April 12, 2024

Motowndesserts

Automotive to Us

Motorcycle Monday: Street Hawk Motorcycle



Rex Smith posing for the camera


© Provided by Motorious


Learn more about this beloved television motorcycle…

For just 1 season of 13 episodes, Street Hawk entertained viewers on ABC in 1985. Despite that short run, the motorcycle used in the TV show has fascinated enthusiasts since. It’s not hard to understand why, considering the protagonist wore all black and sped around on his motorcycle at 300 mph. If you’re wondering what it really was and what the backstory of the bike is, we’re about to dive into that and more.

Learn about efforts to start a new Knight Rider series here.

Street Hawk was described in the show’s intro voiceover as “an all-terrain attack motorcycle designed to fight urban crime.” It was armed to the teeth with a laser cannon, machine guns, and a rocket launcher, all of which would be necessary when waging a one-man war on drug cartels and other organized criminal organizations. The motorcycle was also supposed to be armed with a compressed air vertical lift system and infrared cameras. Maybe Elon Musk could use it as inspiration and bless the world with a Tesla motorcycle next.



a motorcycle parked on the side of a road: photo credit: IMDB


© Provided by Motorious
photo credit: IMDB

The story goes that Jesse Mach is the one who rides Street Hawk. We like to think the guy’s last name is a nod to the Mustang Mach 1 but it could just as easily be in remembrance of Ernst Mach, the Austrian physicist who is the namesake of Mach numbers, which stand for supersonic speed. Ultimately, it sounded cool and mysterious, which was the vibe of the entire show.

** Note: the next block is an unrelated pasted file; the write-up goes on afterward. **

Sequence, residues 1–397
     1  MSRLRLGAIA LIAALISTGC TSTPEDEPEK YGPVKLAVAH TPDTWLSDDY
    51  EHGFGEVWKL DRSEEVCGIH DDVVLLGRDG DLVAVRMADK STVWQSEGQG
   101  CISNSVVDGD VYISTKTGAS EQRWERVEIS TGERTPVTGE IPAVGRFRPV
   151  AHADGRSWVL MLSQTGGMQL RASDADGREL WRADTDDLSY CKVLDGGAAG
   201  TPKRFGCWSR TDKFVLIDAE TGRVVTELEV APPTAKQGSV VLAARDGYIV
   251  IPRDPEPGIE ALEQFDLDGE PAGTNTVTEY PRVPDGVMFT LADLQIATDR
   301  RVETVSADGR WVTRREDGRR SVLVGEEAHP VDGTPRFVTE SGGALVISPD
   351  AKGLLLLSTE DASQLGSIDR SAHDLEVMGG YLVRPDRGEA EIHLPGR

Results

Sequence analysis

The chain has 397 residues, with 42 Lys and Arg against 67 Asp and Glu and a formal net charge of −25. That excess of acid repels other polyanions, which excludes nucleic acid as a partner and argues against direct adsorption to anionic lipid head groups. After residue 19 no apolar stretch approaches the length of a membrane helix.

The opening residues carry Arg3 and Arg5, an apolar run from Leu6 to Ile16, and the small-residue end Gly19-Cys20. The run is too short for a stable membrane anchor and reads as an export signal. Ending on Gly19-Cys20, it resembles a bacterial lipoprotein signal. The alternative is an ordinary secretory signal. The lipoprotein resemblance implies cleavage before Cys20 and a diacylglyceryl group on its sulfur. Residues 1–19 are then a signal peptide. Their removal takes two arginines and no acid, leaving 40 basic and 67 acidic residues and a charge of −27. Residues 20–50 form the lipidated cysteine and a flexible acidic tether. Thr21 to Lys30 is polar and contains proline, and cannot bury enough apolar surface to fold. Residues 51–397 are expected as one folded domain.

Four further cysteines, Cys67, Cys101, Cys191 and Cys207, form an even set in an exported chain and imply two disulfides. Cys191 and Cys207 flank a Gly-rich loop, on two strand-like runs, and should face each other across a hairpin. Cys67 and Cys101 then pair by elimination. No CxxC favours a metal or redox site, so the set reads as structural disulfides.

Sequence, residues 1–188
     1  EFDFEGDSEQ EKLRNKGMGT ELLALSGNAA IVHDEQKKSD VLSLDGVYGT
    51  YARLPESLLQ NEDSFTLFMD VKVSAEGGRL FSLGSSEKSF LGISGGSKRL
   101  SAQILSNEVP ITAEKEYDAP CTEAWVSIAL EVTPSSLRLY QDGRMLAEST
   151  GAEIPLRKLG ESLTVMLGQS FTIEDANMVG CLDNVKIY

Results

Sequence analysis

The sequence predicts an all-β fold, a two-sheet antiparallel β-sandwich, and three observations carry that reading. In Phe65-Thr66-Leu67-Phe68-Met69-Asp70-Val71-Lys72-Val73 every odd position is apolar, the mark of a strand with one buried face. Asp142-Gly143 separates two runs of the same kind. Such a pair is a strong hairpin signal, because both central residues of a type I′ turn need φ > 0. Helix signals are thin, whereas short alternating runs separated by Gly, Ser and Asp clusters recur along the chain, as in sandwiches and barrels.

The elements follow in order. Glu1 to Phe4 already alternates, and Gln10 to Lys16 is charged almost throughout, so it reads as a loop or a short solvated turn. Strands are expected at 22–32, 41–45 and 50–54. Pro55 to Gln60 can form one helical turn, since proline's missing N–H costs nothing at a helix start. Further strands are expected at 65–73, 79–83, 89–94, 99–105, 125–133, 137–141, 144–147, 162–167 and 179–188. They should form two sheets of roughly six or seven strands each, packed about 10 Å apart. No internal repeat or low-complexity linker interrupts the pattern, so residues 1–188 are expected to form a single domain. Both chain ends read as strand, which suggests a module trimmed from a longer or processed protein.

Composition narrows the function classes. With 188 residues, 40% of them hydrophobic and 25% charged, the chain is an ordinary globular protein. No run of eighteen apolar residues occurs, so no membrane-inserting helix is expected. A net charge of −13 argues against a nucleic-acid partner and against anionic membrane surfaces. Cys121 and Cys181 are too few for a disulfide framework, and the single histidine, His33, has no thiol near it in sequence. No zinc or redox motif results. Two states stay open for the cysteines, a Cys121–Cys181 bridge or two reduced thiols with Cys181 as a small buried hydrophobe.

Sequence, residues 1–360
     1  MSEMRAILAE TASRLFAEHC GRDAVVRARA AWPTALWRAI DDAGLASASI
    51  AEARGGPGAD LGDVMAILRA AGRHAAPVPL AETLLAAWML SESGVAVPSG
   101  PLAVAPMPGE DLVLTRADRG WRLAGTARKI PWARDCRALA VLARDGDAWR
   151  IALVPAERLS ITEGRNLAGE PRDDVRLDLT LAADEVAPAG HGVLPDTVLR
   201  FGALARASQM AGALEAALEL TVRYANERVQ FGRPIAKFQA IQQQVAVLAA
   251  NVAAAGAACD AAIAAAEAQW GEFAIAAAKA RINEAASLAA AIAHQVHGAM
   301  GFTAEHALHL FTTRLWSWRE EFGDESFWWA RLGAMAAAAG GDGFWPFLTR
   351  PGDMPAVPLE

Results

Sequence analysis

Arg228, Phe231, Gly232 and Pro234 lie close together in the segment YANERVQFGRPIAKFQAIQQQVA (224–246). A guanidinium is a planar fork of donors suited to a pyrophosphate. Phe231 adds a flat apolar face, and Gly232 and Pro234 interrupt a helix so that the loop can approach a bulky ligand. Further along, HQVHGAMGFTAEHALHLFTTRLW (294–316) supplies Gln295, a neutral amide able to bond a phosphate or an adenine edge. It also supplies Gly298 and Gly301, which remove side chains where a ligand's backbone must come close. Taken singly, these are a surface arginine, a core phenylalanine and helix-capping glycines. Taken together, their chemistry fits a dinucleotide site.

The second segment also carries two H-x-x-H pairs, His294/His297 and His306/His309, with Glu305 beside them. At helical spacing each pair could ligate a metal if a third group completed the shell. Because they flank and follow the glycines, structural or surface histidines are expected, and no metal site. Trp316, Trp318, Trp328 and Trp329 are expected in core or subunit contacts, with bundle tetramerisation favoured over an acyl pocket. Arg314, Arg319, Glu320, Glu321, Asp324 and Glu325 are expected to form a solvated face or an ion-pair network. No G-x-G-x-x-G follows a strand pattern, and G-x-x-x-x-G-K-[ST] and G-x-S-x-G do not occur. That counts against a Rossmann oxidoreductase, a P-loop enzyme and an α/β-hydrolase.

For the extended pilot episode, showrunners used a 1983 Honda XL500 to wow audiences and secure a short slate of episodes for the first and sadly only season. Once the regular season started, the motorcycles were 1984 Honda XR500s. We bet most viewers didn’t notice the difference since the two bikes look similar enough. On top of that, the motorcycles wore cosmetic modifications since such a top-secret bike couldn’t look just ordinary.



text: photo credit: IMDB


© Provided by Motorious
photo credit: IMDB

Those Honda XL500 and XR500s were the bikes used for closeups and wide-angle shots, but they didn’t perform any of the stunts. For all those action shots, the crew used Honda CR250s. Of course, quite a bit of movie magic was involved to make the motorcycles look like they were doing the impossible. A constant struggle, various fiberglass parts fabricated to make the bikes look different would go flying off during stunts. Those stunt bikes also blew through a lot of OE parts since they were being jumped and pushed well beyond reasonable usage. Some of those Hollywood effects look cheesy in today’s CGI-saturated world, but the crew did the best they could at the time with a small budget. Speaking of stunts, Rex Smith who played Mach did most of his own riding with a stunt double used only for the most dangerous sequences.

Loading...

Load Error

It’s claimed a total of 15 motorcycles were used throughout the filming of season one. Where all those bikes ended up seems to be a mystery. The whereabouts of only 1 bike is known. It used to be housed a museum called Cars of the Stars Motor Museum, which was located in England, but the facility shut down.



a person riding on the back of a motorcycle: photo credit: IMDB


© Provided by Motorious
photo credit: IMDB

Most memorable among all the special abilities of Street Hawk was “Hyperthrust.” Pressing that button, Mach could get the motorcycle up to 300 mph. To make the Honda appear as if it were traveling at that mind-boggling speed, the production crew employed some pretty questionable tactics.

A petition started by Rex Smith seeks to reboot Street Hawk for the 21st Century. While that might sound cool, considering how many awful franchise reboots we’ve seen in recent years, there’s no telling what kinds of liberties a studio would take with the classic show today. Sure, it might turn out great, or it could become the kind of disaster CW has churned out with the Batwoman series.

Continue Reading